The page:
The Australian - Wish Magazine - - HOTELS -

Ihad a sleep in Africa? When on sa­fari, ex­pect the noc­tur­nal sound­track to be loud and lively. The growl of lions, the bark of jack­als, the scur­ry­ing and rootling of scrub hares, hye­nas and bat-eared foxes. But then, at Sanc­tu­ary Olonana, set in bird­filled for­est above the Mara River near the gate­way to Kenya’s Ma­sai Mara wildlife con­ser­vancy, there’s the tremen­dous snuf­fle-snorts and tuba blasts of wal­low­ing hip­pos that, after lights-out, when the world is eerily still, are am­pli­fied to such a fre­quency you’d swear the portly crea­tures were splash­ing about in your en­suite’s tub.

The col­lec­tive noun for hip­pos is a bloat, which is just per­fect for the fan­ci­ful im­age of sev­eral tak­ing up res­i­dence in Olonana’s over-sized bath­rooms, fit­ted with three rain­shower heads lined in a row like a car­wash and with space for a skat­ing rink. This freshly re­fur­bished lodge re­opened in June as the shiny new gem in the crown of Sanc­tu­ary Re­treats, which op­er­ates camps and lodges in Zam­bia, Botswana, Tan­za­nia, Kenya, Uganda and South Africa, and all with strong con­ser­va­tion cre­den­tials.

I first vis­ited Olonana more than a decade ago when the ac­com­mo­da­tion was in sim­ple tents, most staff ap­peared to be named Philip and a res­i­dent old warthog was known as Mower as his con­stant munch­ing kept the lawns trim. There was big Philip, small Philip and tent­man Philip, plus our over­land sa­fari driver and go-to guy Philip Koimere, now head of guide train­ing for Sanc­tu­ary Re­treats in Tan­za­nia. “Named for HRH Mis­ter Duke,” tent­man Philip con­fided when I queried the names.

Now Olonana is al­most un­recog­nis­able. The tents are gone, re­placed with se­ri­ously up­graded ac­com­mo­da­tion. Set along an un­du­lat­ing rise are a gar­den pool and 14 free­stand­ing suites of mud­brick and jagged stone with in­te­ri­ors that nod to an African con­text of earthy bush colours, tribal-pat­terned tex­tiles in dove grey and char­coal, art­work by lo­cal artists and pale tim­ber floors and sur­faces. A mas­sive four-poster is draped with swathes of net­ting; the en­suite is all mar­ble and slate and Hol­ly­wood light­ing. On a lower level of each suite, a half-moon con­ver­sa­tion pit mim­ics an en­cir­cling Ma­sai boma and there’s a river-fac­ing deck with am­ply cush­ioned and roofed daybed. The sense of space is gen­er­ous and full of light thanks to enor­mous win­dows and slid­ing glass doors. But when the sun goes down, an askari, or Ma­sai war­rior guide, will ap­pear armed with a spear to es­cort guests along those dark­ened, rustling path­ways.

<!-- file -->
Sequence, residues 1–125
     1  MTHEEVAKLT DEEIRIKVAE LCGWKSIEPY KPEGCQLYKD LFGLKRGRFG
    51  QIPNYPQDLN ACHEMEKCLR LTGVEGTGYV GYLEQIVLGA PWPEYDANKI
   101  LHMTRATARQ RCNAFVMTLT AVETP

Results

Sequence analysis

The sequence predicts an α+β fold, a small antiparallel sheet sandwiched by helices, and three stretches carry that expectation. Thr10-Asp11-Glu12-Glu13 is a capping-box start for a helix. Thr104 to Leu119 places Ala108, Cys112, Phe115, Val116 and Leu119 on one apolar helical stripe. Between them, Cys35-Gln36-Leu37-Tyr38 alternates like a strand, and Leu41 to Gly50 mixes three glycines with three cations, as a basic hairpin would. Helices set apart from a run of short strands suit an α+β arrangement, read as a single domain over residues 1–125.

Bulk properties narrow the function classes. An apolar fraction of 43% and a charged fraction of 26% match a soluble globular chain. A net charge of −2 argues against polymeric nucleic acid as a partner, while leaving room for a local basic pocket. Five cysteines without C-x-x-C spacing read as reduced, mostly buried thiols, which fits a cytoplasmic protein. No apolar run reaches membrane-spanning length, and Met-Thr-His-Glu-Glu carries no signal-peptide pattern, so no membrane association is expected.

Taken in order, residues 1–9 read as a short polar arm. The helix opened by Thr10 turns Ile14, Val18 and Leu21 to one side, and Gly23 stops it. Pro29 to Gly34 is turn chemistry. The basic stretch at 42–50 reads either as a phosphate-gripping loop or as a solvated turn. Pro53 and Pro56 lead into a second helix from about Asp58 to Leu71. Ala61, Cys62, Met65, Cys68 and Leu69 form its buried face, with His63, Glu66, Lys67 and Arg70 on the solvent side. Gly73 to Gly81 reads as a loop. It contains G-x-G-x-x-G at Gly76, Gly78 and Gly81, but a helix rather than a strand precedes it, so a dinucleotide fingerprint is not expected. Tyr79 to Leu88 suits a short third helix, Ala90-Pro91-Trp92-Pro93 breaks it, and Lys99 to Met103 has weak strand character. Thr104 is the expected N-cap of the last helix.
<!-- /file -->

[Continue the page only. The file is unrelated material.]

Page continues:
The main lodge pav­il­ion is where meals are served and every­one gath­ers to sit in an arc of di­rec­tor’s chairs for evening drinks be­side a boma firepit. It has a dra­matic in­door-out­door feel. A Green­heart tree (War­bur­gia ugan­den­sis), known for its medic­i­nal prop­er­ties, juts through the cen­tre and the soft colour scheme is of sun-bleached blues and golds plus jolts of rusty or­ange in the oc­ca­sional sofa and cush­ions. There’s a li­brary room with a ter­rific as­sem­bly of books on east Africa, Ma­sai spears on the walls, gallery-wor­thy carv­ings, groovy clus­ters of fil­a­ment drop lights and myr­iad deck ar­eas that swoop and jut over the river.

Staff are given to out­bursts of song, es­pe­cially when a birth­day cake does the rounds and the kitchen crew ap­pear with wooden spoons to wave like ba­tons as they join a conga line. Din­ing by can­dle­light with matched wines and crisp white linen can be à deux or join fel­low guests to swap tales tall and small of wildlife sight­ings and mag­i­cal mo­ments in the bush. There’s no such thing as an un­event­ful day, or night, in the Ma­sai Mara. Su­san Kuro­sawa is travel ed­i­tor of The Aus­tralian.


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